At some other, less conscious level, however, the illusion remains. I want a girlfriend whom others would affirm as desirable and I perceive this girl or that girl in the light of that desire. I’m attracted to a house in a particular suburb not only because I am consciously aware that it will establish my social status but because I genuinely like the house and the suburb. Liking this girl or that house is totally unaffected by my conscious knowledge of the dynamics of desire.

Necker Cube


In another class of optical illusions, our perception can jump between competing interpretations of an image. A simple example is the Necker Cube on the left. Which face of the cube is in front and which face is behind? You can flip between the two by focusing on either of the inner corners.

A more dramatic example is the train in this animated image, which can be made to move in either direction merely by imagining it to do so.

Such images are ambiguous and what we see depends on what we choose to see.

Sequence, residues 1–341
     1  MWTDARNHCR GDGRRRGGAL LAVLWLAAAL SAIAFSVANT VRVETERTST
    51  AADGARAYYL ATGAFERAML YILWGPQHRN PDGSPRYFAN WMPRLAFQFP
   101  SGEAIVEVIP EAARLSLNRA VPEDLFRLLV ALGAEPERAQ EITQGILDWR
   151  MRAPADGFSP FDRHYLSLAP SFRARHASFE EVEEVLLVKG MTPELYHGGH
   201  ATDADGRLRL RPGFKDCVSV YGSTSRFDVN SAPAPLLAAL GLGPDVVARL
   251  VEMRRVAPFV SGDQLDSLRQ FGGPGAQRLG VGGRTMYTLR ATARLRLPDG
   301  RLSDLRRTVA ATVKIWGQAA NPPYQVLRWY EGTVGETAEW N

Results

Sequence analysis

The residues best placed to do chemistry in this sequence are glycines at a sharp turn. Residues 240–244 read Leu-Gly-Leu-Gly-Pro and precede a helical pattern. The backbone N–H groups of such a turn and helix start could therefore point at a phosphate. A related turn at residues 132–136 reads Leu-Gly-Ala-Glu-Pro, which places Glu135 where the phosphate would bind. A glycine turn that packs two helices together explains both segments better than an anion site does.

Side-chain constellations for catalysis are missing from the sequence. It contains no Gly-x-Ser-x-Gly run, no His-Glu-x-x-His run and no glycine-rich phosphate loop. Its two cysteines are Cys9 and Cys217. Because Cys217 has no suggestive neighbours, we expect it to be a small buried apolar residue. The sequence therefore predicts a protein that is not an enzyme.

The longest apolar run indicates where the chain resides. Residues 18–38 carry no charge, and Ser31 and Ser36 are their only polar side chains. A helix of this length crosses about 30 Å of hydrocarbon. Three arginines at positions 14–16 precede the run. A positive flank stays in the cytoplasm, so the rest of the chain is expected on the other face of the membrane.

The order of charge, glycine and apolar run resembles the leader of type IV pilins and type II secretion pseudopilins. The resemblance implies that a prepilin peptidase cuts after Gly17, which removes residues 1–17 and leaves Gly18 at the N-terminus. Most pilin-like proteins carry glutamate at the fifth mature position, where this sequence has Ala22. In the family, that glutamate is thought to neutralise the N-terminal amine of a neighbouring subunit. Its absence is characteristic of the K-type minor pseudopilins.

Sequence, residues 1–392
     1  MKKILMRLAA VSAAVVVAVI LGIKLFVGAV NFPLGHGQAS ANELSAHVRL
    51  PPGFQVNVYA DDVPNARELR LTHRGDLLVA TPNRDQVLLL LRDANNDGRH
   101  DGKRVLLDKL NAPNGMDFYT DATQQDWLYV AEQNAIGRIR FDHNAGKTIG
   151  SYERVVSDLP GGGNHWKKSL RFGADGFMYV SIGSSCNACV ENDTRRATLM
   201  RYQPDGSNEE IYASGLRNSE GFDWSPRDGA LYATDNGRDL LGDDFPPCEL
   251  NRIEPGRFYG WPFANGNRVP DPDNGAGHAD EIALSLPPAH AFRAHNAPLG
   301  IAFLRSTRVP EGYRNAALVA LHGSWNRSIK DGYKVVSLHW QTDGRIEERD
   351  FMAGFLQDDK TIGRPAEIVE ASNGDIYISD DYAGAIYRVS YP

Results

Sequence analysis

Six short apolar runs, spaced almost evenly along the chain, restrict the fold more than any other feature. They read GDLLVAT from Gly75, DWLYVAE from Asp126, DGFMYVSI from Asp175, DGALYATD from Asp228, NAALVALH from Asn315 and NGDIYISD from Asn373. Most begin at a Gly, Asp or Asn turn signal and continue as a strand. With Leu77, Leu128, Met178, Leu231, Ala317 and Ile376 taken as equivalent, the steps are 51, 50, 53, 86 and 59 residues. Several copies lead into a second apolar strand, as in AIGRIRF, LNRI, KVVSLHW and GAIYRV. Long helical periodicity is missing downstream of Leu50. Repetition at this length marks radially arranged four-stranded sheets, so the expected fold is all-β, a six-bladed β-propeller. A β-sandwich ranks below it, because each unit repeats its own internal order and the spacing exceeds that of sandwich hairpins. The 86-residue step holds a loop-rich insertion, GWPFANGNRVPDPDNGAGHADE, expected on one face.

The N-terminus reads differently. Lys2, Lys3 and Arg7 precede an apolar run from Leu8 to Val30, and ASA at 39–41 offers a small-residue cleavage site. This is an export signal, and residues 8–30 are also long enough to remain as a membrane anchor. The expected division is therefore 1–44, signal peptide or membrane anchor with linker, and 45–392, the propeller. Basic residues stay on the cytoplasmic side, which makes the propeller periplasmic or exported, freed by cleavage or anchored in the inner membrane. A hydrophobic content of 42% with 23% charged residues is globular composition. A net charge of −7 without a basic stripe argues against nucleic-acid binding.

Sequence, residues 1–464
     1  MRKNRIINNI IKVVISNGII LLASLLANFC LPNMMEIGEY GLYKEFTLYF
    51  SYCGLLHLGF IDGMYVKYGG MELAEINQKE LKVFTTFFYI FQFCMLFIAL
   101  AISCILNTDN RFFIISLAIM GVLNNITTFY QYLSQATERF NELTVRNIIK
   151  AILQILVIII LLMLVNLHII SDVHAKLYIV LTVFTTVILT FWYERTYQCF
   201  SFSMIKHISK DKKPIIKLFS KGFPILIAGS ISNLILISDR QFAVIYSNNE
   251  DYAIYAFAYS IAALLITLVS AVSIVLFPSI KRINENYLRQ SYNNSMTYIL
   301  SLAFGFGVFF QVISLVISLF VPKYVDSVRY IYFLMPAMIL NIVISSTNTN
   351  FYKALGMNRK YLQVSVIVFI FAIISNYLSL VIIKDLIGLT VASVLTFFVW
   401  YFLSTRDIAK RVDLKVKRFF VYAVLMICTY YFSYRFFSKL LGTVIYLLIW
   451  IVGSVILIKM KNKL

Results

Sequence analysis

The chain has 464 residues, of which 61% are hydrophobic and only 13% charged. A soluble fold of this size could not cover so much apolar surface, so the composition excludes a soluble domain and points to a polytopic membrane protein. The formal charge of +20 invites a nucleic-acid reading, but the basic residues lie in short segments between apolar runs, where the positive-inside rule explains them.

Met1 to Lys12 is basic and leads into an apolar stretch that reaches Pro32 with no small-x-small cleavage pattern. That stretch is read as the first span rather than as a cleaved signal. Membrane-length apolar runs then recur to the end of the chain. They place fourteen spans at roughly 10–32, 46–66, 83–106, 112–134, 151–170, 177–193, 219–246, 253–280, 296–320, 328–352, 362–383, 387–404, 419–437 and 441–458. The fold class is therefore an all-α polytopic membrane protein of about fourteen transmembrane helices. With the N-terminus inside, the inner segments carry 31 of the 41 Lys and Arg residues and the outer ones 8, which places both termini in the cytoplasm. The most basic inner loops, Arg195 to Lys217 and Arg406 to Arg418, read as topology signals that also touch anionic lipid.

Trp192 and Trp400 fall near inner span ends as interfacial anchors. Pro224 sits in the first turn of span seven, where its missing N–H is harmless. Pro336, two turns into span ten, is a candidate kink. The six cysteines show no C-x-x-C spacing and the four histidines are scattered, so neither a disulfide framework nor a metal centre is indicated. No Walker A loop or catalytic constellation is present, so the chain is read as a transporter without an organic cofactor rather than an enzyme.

A similar ambiguity inhabits desire. I noted above that just as the mis-direction of an optical illusion is impossible to dispel, so too the mis-direction of desire. I think it is also true that just as there may be multiple ambiguous interpretations of an optical illusion, so too we often experience multiple ambiguous desires. Sometimes what we desire depends on what we choose to focus on.

Desires are sometimes layered. I desire that house, perhaps because of a deeper desire to impress my colleagues at work, and that may be just an example of an even deeper desire to belong.

Desires sometimes compete. The way we manage personal finances may arise out of a desire to enjoy material possessions now, a desire to save for a secure future, and a desire to use what we have to bless others: desires that ultimately might be mutually-exclusive.

Desires sometimes remain unconscious. We act in order to attain something, but we are unaware of either what we seek or why we seek it.